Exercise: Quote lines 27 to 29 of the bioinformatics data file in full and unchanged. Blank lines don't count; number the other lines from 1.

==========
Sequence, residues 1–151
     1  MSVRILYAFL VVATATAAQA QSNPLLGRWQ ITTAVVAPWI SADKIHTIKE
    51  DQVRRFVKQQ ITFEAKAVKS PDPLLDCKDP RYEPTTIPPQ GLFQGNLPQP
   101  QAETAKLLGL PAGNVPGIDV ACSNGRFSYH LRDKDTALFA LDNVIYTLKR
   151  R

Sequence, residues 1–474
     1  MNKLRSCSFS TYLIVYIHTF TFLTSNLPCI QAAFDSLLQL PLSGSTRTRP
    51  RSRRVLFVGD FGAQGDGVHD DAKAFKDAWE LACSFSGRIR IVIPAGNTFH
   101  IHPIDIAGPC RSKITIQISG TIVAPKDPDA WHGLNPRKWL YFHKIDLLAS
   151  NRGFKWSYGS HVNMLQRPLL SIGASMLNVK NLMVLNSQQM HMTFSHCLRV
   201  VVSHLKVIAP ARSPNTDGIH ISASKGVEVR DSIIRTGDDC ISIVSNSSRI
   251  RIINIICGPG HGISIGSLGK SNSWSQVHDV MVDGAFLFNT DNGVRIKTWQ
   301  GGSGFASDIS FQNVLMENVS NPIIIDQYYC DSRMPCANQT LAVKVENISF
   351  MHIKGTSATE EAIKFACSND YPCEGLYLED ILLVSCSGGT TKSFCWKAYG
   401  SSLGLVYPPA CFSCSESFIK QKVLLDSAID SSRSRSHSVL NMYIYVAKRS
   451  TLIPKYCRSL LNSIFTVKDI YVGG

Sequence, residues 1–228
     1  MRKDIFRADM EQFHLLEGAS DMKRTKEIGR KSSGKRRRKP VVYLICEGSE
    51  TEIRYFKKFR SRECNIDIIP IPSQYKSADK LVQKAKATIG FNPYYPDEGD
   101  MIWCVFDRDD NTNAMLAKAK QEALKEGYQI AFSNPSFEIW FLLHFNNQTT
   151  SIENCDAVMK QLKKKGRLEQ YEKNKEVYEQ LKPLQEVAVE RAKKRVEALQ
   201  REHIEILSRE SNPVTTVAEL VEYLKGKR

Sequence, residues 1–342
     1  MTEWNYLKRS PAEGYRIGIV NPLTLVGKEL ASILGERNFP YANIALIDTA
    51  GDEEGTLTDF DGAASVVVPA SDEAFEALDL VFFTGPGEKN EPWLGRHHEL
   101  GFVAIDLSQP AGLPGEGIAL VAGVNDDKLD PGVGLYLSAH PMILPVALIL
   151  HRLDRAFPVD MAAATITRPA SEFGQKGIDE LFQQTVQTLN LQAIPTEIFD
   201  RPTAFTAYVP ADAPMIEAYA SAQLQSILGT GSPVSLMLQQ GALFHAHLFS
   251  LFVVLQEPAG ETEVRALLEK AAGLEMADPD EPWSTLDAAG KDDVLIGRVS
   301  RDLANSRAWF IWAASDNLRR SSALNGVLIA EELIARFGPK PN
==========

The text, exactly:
   151  HRLDRAFPVD MAAATITRPA SEFGQKGIDE LFQQTVQTLN LQAIPTEIFD
   201  RPTAFTAYVP ADAPMIEAYA SAQLQSILGT GSPVSLMLQQ GALFHAHLFS
   251  LFVVLQEPAG ETEVRALLEK AAGLEMADPD EPWSTLDAAG KDDVLIGRVS